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to the god? Wherefore art thou come?" And he answered: "I wish to
make atonement to Phoebus for my past transgression; for once I claimed
from him satisfaction for my father's blood." Thereupon the rumour,
spread by Orestes, proved to have great weight, suggesting that my
master was lying and had come on a shameful errand. But he crosses
the threshold of the temple to pray to Phoebus before his oracle,
and was busy with his burnt-offering; when a body of men armed with
swords set themselves in ambush against him in the cover of the bay-trees,
and Clytemnestra's son, that had contrived the whole plot was one
of them. There stood the young man praying to the god in sight of
all, when lo! with their sharp swords they stabbed Achilles' unprotected
son from behind. But he stepped back, for it was not a mortal wound
he had received, and drew his sword, and snatching armour from the
pegs where it hung on a pillar, took his stand upon the altar-steps,
the picture of a warrior grim; then cried he to the sons of Delphi,
and asked them: "Why seek to slay me when I am come on a holy mission?
What cause is there why I should die? But of all that throng of bystanders,
no man answered him a word, but they set to hurling stones. Then he,
though bruised and battered by the showers of missiles from all sides,
covered himself behind his mail and tried to ward off the attack,
holding his shield first here, then there, at arm's length, but all
of no avail; for a storm of darts, arrows and javelins, hurtling spits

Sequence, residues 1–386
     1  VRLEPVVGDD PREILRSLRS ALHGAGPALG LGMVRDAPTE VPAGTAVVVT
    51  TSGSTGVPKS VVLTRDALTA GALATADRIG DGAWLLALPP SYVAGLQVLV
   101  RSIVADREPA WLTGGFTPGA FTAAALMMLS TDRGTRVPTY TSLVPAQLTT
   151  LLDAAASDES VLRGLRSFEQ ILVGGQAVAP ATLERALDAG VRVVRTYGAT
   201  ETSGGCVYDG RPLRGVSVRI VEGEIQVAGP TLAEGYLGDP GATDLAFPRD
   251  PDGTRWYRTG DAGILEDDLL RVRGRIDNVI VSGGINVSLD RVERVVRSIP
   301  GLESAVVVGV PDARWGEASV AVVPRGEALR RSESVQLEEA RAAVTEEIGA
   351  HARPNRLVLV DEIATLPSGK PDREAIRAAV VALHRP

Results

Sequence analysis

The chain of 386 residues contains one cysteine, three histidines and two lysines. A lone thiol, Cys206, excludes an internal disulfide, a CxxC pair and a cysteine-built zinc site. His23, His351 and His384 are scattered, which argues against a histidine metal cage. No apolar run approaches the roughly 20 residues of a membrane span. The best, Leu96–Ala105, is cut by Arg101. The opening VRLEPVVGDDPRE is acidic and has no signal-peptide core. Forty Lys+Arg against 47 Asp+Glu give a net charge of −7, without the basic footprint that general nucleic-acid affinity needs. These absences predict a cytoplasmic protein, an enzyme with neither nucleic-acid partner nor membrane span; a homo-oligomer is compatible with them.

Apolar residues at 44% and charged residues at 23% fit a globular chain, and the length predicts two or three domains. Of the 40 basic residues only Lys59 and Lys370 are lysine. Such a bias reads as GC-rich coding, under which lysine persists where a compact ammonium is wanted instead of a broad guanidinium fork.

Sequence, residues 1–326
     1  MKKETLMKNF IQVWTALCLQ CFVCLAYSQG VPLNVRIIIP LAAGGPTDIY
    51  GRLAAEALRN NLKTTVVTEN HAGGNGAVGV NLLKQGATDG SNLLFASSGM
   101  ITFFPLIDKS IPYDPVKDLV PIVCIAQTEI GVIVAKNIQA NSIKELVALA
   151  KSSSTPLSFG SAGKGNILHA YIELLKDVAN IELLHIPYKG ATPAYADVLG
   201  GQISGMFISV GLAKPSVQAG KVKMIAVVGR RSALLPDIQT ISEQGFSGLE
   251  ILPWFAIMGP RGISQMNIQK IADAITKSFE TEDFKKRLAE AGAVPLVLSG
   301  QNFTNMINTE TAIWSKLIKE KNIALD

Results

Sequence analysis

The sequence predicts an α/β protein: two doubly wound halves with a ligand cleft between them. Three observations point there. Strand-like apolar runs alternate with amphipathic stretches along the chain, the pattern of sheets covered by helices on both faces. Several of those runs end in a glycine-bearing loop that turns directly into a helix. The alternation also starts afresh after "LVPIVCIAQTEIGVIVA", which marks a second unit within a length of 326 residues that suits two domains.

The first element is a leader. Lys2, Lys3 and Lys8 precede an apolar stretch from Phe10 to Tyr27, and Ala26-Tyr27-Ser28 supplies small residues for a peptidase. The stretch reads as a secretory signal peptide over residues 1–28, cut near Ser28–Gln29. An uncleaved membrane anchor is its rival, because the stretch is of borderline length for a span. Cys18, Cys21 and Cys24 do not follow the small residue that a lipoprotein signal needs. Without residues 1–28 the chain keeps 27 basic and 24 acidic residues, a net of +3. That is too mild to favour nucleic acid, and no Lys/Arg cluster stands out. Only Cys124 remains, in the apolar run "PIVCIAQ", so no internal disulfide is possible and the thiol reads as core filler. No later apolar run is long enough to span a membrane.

with double points, and butchers' knives for slaying steers, came
flying at his feet; and terrible was the war-dance thou hadst then
seen thy grandson dance to avoid their marksmanship. At last, when
they were hemming him in on all sides, allowing him no breathing space,
he left the shelter of the altar, the hearth where victims are placed,
and with one bound was on them as on the Trojans of yore; and they
turned and fled like doves when they see the hawk. Many fell in the
confusion: some wounded, and others trodden down by one another along
the narrow passages; and in that hushed holy house uprose unholy din
and echoed back from the rocks. Calm and still my master stood there
in his gleaming harness like a flash of light, till from the inmost
shrine there came a voice of thrilling horror, stirring the crowd
to make a stand. Then fell Achilles' son, smitten through the flank
by some Delphian's biting blade, some fellow that slew him with a
host to help; and as he fell, there was not one that did not stab
him, or cast a rock and batter his corpse. So his whole body, once
so fair, was marred with savage wounds. At last they cast the lifeless
clay, Iying near the altar, forth from the fragrant fane. And we gathered
up his remains forthwith and are bringing them to thee, old prince,
to mourn and weep and honour with a deep-dug tomb.
This is how that prince who vouchsafeth oracles to others, that judge
of what is right for all the world, hath revenged himself on Achilles'
son, remembering his ancient quarrel as a wicked man would. How then
can he be wise? (The MESSENGER withdraws as the body of Neoptolemus
is carried in on a bier. The following lines between PELEUS and the
CHORUS are chanted responsively.)

CHORUS Lo! e'en now our prince is being carried on a bier from Delphi's
land unto his home. Woe for him and his sad fate, and woe for thee,
old sire! for this is not the welcome thou wouldst give Achilles'
son, the lion's whelp; thyself too by this sad mischance dost share
his evil lot.
PELEUS Ah! woe is me! here is a sad sight for me to see and take
unto my halls! Ah me! ah me! I am undone, thou city of Thessaly! My
line now ends; I have no children left me in my home. Oh! the sorrows
seem born to endure! What friend can I look to for relief? Ah, dear
lips, and cheeks, and hands! Would thy destiny had slain the 'neath
Ilium's walls beside the banks of Simois!
CHORUS Had he so died, my aged lord, he had won him honour thereby,
and thine had been the happier lot.
PELEUS O marriage, marriage, woe to thee! thou bane of my home, thou
destroyer of my city! Ah my child, my boy, would that the honour of
wedding thee, fraught with evil as it was to my children and house,

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